For Marvel wants to show that it's truly dedicated to changing things up, it had to make a movie unlike any it had produced before. Something with magic and science, something set in a different land, a place unlike any we’ve ever -- and, hey, look, it’s Wakanda.
Black Panther has it all -- a brand-new city, an almost entirely black cast, Oscar-winning creators, and a mythos previously unexplored in film. Heck, it even looks to have perhaps Marvel’s first truly great villain -- colonialism.
While Black Panther was first introduced to film audience's in Captain America: Civil War, him getting his own movie is almost awe-inspiring (even if it shouldn’t be). Since Blade, there hasn’t been a big budget superhero movie about a black superhero, and even Blade edged it bets by surrounding Wesley Snipes' vampire-hunting hero with lots of white faces. Black Panther, however, is the beginning of something new.
This is a time for Marvel to be taking chances, something we haven’t seen from the studio in a long time. By extension, for the first time in a long time, it’s exciting to be a fan of the MCU. No one knows exactly what Black Panther will be like, but we know it’ll be different, which, frankly, is a huge deal. Bland, by-the-rules comic book movies are played out -- we want to see something we’ve never seen before. And hey, a movie with an African King protecting his land from white invaders fits the bill. Heck, if it’s really true to comics, it might even be the first Marvel movie to feature two prominent, same-gender characters in a relationship together.
So what does the future hold? Who knows? We know for sure that Marvel is more willing to takes chances on movies they might not have a few years ago. So does this mean we might finally get a Black Widow movie? Maybe a down-to-Earth Hawkeye movie inspired by the Matt Fraction/David Aja run? Heck, is N.E.X.T.W.A.V.E. in the cards? Frankly, the possibilities are nigh-endless.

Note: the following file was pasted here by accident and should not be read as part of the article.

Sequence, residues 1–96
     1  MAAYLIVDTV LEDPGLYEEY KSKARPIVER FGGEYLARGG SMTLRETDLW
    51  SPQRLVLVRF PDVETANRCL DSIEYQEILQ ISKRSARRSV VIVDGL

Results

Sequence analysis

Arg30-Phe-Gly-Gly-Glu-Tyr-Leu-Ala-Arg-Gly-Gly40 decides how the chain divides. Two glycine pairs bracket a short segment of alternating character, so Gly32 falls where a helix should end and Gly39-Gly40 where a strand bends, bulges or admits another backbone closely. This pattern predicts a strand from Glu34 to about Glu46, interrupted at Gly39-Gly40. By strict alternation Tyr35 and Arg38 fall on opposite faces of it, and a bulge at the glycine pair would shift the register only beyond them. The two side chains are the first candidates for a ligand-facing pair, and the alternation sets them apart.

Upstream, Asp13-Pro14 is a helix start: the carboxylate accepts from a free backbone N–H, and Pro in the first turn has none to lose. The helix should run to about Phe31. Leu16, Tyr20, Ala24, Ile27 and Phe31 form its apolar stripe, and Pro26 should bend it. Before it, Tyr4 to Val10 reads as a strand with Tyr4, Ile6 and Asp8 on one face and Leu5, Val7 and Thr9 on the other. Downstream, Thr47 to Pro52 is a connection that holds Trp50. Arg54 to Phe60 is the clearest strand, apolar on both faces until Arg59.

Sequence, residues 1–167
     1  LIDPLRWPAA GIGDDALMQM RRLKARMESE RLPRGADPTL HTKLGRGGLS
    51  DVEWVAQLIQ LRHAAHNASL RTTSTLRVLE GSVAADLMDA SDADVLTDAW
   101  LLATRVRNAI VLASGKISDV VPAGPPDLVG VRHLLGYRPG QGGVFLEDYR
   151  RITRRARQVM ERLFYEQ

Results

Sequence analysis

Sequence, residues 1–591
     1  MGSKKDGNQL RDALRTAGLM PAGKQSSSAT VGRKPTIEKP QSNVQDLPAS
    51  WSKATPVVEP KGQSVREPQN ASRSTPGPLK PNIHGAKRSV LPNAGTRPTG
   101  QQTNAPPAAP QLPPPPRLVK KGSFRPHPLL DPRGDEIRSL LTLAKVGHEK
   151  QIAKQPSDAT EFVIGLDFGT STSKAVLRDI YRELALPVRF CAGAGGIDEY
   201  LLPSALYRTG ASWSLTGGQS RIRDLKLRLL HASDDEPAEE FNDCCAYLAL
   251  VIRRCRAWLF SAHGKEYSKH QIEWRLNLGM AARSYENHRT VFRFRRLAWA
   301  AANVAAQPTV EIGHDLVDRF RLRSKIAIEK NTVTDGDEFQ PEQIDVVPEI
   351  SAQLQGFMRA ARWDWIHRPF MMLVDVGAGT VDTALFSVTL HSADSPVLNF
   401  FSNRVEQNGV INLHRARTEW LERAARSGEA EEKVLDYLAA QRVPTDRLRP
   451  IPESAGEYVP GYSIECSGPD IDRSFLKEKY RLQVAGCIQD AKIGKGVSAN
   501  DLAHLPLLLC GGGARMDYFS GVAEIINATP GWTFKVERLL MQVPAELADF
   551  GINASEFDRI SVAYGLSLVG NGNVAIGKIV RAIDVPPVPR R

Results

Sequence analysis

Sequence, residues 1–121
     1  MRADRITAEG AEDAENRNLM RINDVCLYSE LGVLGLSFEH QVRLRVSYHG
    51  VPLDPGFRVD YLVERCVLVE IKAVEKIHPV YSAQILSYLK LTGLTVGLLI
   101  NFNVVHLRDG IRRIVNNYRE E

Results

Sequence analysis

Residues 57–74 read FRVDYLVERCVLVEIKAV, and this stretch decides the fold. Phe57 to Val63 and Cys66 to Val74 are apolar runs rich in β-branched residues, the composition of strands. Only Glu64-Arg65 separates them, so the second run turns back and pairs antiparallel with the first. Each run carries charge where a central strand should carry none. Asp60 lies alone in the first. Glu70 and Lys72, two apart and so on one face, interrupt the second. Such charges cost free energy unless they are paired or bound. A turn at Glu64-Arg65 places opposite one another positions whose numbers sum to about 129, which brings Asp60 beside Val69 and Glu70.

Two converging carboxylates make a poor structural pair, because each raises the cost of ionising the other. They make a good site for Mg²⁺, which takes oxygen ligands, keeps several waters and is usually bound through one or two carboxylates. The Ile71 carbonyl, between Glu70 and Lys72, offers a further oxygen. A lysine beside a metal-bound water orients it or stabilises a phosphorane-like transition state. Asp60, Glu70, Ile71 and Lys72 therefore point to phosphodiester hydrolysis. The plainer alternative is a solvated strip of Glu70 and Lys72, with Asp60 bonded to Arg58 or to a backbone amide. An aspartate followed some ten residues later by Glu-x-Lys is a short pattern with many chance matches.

Unlike the pre-Wonder Woman DCEU, no one is looking for Marvel to prove it can make movies that appeal to millions and millions of fans. Rather, we want to see that it can make films that garner critical acclaim, movies that matter -- and it seems like it’s answering the call, not only with movies featuring more diverse stories, but with more diverse casts. Let’s hope that this continues and we get more PoC heroes, more female heroes -- heck, more female PoC heroes (let us have Ms Marvel)! If these two movies succeed, it’ll be a resounding cry to all producers that superhero movies don’t need to fit into a small grid -- they can be anything they want to be.
Of course, while Black Panther and Thor: Ragnarok look amazing, for all for all we know, they could both end with a space battle, Galaga-style. That said, from this vantage point, the future of the MCU has never looked brighter. Which is a good thing, too, since it seems like the days of the MCU as we knew it are about to be over -- after Avengers: Infinity Wars, it’s going to be a brand-new ballgame, after all. But if Black Panther and Thor: Ragnarok hit like we expect they will, Phase 3 -- and beyond -- will be just fine.